Where is environmental governance in FDI attraction?

April 08, 2024 | 09:45
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While Vietnam and businesses are moving towards sustainability, hubs of environmental concerns remain in attractive investment destinations, requiring a change in order to become competitive.
Where is environmental governance in FDI attraction?

Having been working on the Vietnam Provincial Governance and Public Administration Performance Index (PAPI) for eight of its 15 years, research team member Dr. Paul Schuler was thrilled to be present at the last week’s launch in Hanoi of the 2023 results, talking about some improvements in certain dimensions while still outlining concerns.

“It is superb that the Vietnamese government is using this as a tool to improve governance and has allowed this index to continue,” he told VIR. “In general, most research on these different indexes indicates that when governance improves, we tend to see more foreign investors wanting to put money into different provinces.”

“However, citizens are seeing challenges in the environment. This is going to put pressure on businesses to grow in a more environmentally friendly manner. But we do not measure explicitly the degree to which the local governments require businesses to comply with environmental regulations. That is more related to other indexes that look specifically at businesses,” he added.

Environmental governance is one among the dimensions that the PAPI 2023 focuses on. Similarly found in previous years, the 2023 results strongly suggest that hubs of environmental concern remain in the Red River Delta and Southeast regions, where more industrial provinces are located, and the Central Highlands.

Among 16 localities in the low quartile, six are from the Red River Delta and four each are from the Southeast and Central Highlands.

Worse still, all localities scored below 4.3 points on the 1-10 point scale in 2023, below the national highest score of 4.73 points in 2021. Eight localities made significant improvements over the past three years, while 26 others scored lower in 2023 than 2021.

In addition, around 80 per cent of respondents in all cities and provinces agreed that their local businesses did not have to offer additional money to local authorities to bypass environmental regulations. The proportion of agreements increased in 24 cities and provinces, higher than in 2022, but still declined in 35 localities compared to 2021.

The largest on-year drops in the percentage of respondents who believed their local governments did not accept bribes to avoid green regulations (by more than 18 per cent) were seen in Haiphong, Phu Tho, Quang Binh, Thai Binh, and Thanh Hoa.

The PAPI Research Team blamed the perceived lack of local governments’ commitment to environmental protection and the poor quality of domestic water sources as reasons for low provincial scores.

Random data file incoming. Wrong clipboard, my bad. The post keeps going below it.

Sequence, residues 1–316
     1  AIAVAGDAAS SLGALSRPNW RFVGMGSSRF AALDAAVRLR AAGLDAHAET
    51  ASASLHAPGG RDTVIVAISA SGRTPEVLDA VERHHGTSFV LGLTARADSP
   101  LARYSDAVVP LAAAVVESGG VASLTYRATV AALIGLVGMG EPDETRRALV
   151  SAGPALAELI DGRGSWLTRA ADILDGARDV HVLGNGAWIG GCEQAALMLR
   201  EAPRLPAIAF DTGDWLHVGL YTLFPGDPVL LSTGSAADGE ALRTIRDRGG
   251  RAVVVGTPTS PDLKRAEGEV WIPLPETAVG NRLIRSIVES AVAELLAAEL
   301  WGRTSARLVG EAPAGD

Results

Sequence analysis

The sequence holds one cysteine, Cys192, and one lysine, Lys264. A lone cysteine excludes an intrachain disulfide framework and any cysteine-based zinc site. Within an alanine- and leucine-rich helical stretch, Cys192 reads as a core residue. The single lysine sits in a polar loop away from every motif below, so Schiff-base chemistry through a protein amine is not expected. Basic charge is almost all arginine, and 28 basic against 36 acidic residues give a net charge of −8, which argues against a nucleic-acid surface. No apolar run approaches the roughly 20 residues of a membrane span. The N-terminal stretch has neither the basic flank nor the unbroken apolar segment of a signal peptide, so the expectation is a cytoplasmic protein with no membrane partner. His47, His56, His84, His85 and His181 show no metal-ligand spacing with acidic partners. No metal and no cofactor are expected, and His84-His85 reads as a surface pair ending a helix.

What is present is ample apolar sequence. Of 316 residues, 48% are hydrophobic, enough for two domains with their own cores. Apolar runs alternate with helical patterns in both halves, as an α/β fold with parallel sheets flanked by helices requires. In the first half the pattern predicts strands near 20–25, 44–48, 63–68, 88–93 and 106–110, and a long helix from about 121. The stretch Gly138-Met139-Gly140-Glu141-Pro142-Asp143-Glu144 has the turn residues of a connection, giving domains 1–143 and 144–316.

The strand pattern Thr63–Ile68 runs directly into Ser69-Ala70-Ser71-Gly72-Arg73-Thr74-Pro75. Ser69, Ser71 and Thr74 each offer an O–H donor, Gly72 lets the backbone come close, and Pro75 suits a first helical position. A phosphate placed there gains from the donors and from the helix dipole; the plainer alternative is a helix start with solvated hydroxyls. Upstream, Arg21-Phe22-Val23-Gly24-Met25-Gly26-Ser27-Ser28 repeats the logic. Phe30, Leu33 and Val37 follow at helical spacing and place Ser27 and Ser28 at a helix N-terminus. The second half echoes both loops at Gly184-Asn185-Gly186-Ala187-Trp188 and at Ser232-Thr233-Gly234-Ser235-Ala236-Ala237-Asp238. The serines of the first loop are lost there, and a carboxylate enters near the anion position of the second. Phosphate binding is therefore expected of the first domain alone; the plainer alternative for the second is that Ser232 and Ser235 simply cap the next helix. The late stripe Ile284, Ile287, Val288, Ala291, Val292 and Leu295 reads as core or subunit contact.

Research team member Dr. Dang Hoang Giang told VIR, “The findings prove that several cities and provinces have yet paid due attention to environment government. This is a big concern. If cities and provinces do not change this, it will negatively affect the country’s effort to implement the net-zero commitments.”

Dr. Duong Trung Y, vice president of the Ho Chi Minh National Academy of Politics noted that, in the common effort of Vietnam to build a constructive and action-oriented government, it is witnessing a strong increase in the role and impact of assessments from individuals and businesses on the operation of the local state apparatus.

“Objective indicators such as PAPI, the Provincial Competitiveness Index, or the Public Administration Reform Index are not only important basis to evaluate the effectiveness of public service performance of ministries and local agencies, but also provide important suggestions for Vietnam to continue improving the country’s development policy, implementing the national digital transformation strategy, building a people-centric and enabling state, and leaving no-one behind,” he noted.

Moreover, foreign-invested enterprises now head to sustainable development in alignment with the green growth strategy in Vietnam. As shown in a March survey conducted by Decision Lab, about 60 per cent of businesses have a board-level governance structure for sustainability and almost 60 per cent have defined environmental, social, and governance targets. And a similar rate of businesses also indicated that they have budget allocated for such initiatives.

Dr. Y also commented that although green growth and sustainable development have become a trend in Vietnam and globally, not all businesses and investors consider environmental governance as a key factor for making business and decisions.

“We now still see a lot of financiers prioritise transportation, infrastructure, and energy and others when they choose an investment destination. Possibly, in the future, their priorities may change, so cities and provinces should pay more attention to the environmental governance to be competitive.”

As shown in PAPI 2023, while seeing the above on-year drop, many cities and provinces are still attractive to foreign investors. For instance, Ho Chi Minh City, Dong Nai, Hanoi, Thai Binh, and Haiphong are still among the most attractive destinations for foreign financial backers in Vietnam.